Personal Finance

How a "save later" strategy can fulfil your retirement needs.
By David Aston | 14/02/17

Editor's note: This week on Morningstar.ca, we present our Focus on RRSPs, where we go over what every investor needs to know about Canada's most popular savings program. Along with an explanation of RRSP basics, we will look at important issues such as whether it makes sense to defer savings, the life-cycle approach to retirement contributions, and ways to go beyond the traditional RRSP. Finally, our manager research analysts will present their favourite funds to hold in a retirement account. Check back all week for more insights from Morningstar's experts.

About the Author
David Aston, CFA, is a freelance personal finance and investment journalist who has also written for MoneySense, the Globe and Mail and Canadian Business. He has an M.A. in economics and is a Chartered Professional Accountant. He is a past Portfolio Management Association of Canada journalism award winner and was named 2014 Journalist of the Year by the Toronto CFA Society.

When you're in the throes of the financial "crunch years" trying to simultaneously cover high day-care costs and enormous mortgage costs, it's easy to get discouraged. It can be a struggle just to make ends meet. You may well wonder when and how you'll ever be able to save for retirement.

For many Canadians, it makes more sense to focus first on the mortgage and child-rearing costs, and then save for retirement later. "Saving for retirement is the deferrable one," points out Malcolm Hamilton, retired actuary and current fellow at the C.D. Howe Institute. "You can't say 'I'm going to have my children in my 60s when I can afford them,'" says Hamilton. "And it doesn't make sense to raise your children and then, after they leave home, buy a nice big house."

The strategy to save later can create a sizeable retirement nest-egg just as effectively as a constant savings strategy, provided you take full advantage of the opportunity to save when the time comes.

While for many people the strategy to defer savings comes down to common sense, you'll still need to ignore a contrary stream of ads, surveys and advice from the investment industry telling you otherwise. "What it does, unfortunately, is needlessly frighten people about their future prospects," says Hamilton.

Getting less crunched

The good news is that if you can just get through the crunch years with your financial head above water, your financial situation and ability to save generally begins to improve fairly quickly. When your kids reach school age, you generally are able to cut your day-care costs sharply or have the opportunity for a stay-at-home parent to return to work. The size of your mortgage debt gradually declines, even if you just make regular payments. Meanwhile your salary generally grows at least with inflation, but you may get larger salary increases due to promotions or recognition of growing work experience. "You go through a transition where a lot of the bills drop away and now you can make up for lost time," says Hamilton.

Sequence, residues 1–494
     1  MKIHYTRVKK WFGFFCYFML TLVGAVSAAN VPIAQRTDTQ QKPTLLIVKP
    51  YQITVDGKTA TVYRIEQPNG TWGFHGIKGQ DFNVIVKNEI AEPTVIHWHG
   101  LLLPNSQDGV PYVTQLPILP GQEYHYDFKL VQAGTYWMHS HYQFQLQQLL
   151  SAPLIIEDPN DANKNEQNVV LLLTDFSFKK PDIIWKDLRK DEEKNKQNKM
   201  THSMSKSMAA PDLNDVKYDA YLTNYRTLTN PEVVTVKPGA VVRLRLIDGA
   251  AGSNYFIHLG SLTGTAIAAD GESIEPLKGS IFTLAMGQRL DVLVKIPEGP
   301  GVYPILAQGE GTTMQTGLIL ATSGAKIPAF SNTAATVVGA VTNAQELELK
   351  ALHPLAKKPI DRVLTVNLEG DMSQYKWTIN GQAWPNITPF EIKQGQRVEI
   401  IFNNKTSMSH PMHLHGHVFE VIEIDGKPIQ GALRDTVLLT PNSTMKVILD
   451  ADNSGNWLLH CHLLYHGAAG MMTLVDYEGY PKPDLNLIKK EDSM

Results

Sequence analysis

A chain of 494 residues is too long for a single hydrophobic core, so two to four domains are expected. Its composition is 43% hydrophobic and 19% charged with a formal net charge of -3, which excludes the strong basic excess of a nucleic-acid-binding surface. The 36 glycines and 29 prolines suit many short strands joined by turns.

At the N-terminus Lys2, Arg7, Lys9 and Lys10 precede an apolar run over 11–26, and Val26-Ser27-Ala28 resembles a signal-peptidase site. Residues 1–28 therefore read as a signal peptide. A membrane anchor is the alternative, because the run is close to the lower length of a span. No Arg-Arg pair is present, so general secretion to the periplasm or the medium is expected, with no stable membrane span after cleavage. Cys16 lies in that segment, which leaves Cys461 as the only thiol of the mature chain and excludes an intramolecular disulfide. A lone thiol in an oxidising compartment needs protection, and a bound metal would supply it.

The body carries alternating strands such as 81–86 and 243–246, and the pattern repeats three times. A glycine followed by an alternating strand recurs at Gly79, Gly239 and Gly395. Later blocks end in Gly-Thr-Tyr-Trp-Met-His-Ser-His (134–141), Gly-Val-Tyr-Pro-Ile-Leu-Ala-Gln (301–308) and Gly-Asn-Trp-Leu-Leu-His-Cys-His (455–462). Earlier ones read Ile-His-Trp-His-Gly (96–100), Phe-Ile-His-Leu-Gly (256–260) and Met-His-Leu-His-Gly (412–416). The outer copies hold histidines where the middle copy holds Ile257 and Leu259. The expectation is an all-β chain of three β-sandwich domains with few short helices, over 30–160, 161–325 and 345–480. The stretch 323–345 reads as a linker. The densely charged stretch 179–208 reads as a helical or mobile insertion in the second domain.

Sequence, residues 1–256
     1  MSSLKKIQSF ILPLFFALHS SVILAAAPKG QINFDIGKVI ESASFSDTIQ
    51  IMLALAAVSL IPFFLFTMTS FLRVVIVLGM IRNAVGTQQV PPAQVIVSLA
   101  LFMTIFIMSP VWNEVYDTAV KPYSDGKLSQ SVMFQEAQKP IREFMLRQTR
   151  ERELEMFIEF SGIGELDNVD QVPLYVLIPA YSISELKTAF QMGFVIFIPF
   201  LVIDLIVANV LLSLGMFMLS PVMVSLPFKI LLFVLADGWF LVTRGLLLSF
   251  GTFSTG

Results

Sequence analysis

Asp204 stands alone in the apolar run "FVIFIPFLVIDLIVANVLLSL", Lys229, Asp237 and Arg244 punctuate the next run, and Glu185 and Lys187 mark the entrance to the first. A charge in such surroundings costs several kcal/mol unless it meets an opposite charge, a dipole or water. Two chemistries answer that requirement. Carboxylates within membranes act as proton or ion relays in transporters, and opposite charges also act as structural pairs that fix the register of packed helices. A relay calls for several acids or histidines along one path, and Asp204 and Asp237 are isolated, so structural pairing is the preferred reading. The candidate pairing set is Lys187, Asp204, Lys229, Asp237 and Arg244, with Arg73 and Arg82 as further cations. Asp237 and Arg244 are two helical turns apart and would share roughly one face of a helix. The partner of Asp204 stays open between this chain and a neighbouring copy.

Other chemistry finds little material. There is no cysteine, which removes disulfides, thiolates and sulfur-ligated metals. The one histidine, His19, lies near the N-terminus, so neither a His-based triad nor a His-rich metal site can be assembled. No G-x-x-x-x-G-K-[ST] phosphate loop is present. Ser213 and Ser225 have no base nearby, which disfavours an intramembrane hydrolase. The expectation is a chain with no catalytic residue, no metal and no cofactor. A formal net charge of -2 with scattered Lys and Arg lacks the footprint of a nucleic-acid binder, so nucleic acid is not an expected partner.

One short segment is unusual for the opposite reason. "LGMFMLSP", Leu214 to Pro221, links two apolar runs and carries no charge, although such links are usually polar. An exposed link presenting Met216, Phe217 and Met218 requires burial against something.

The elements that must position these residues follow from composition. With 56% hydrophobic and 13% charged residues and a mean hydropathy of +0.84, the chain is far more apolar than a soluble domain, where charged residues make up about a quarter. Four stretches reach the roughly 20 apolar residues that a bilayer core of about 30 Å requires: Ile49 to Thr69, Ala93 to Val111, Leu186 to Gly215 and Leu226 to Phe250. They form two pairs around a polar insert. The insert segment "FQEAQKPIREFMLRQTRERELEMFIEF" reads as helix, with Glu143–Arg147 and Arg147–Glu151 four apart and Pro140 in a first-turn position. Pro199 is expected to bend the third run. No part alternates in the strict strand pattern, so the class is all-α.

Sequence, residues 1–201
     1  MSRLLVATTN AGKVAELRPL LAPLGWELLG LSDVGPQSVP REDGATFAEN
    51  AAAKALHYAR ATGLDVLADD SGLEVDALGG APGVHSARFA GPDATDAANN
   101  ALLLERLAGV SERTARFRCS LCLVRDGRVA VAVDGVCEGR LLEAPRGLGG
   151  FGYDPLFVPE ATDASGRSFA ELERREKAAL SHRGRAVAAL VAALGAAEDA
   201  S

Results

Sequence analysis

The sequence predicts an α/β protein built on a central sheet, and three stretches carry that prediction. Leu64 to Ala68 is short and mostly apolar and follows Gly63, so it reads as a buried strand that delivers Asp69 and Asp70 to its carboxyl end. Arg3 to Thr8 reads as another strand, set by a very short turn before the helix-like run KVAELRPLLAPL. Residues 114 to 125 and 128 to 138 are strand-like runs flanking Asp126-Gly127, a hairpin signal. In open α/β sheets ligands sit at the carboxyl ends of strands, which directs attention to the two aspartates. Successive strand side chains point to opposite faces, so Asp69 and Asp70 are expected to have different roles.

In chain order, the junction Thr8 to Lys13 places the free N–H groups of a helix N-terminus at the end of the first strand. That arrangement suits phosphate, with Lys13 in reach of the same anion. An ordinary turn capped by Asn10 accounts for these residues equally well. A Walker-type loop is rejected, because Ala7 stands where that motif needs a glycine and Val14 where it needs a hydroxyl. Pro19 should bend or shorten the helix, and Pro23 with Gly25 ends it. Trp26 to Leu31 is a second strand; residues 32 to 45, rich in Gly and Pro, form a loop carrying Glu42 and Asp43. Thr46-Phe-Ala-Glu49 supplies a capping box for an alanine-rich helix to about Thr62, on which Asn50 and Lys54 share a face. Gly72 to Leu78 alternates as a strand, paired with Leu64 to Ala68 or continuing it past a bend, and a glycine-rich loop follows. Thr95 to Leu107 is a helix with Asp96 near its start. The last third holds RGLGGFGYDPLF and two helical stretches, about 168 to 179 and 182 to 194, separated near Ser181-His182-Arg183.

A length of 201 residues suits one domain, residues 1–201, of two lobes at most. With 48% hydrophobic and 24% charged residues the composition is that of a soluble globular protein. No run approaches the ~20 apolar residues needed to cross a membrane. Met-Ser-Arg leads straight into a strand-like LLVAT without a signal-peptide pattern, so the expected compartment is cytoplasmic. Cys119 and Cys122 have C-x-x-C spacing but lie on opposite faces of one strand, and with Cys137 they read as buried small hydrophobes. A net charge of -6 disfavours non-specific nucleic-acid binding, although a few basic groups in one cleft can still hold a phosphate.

Of course when your capacity to save opens up, you need to take full advantage of it. "I'm always reminding clients, 'you have the crunch period now, but as soon as that eases off, let's start putting something toward retirement,'" says Sheila Walkington, financial planner and co-founder of Money Coaches Canada. "It's real easy to get caught up in having extra money and just spend it."

After the crunch

When it becomes time to save, you have to decide how best to do it. One of the classic debates in personal finance is whether it is better to pay off the mortgage first and then save after the mortgage is fully paid off, or just make regular mortgage payments and make building up retirement savings your priority. A third option is the classic Canadian compromise of making a big annual RRSP contribution and then applying the tax rebate to the mortgage.

Saving in different forms is still saving, so they're all good options. But which one works best will depend on how effective each one is at motivating you to save. Walkington favours making saving for retirement the priority while just making regular mortgage payments, since it imposes the discipline of regular mortgage payments. However, as Walkington points out, you should make sure the regular mortgage amortization will pay off the mortgage by the time you plan to retire.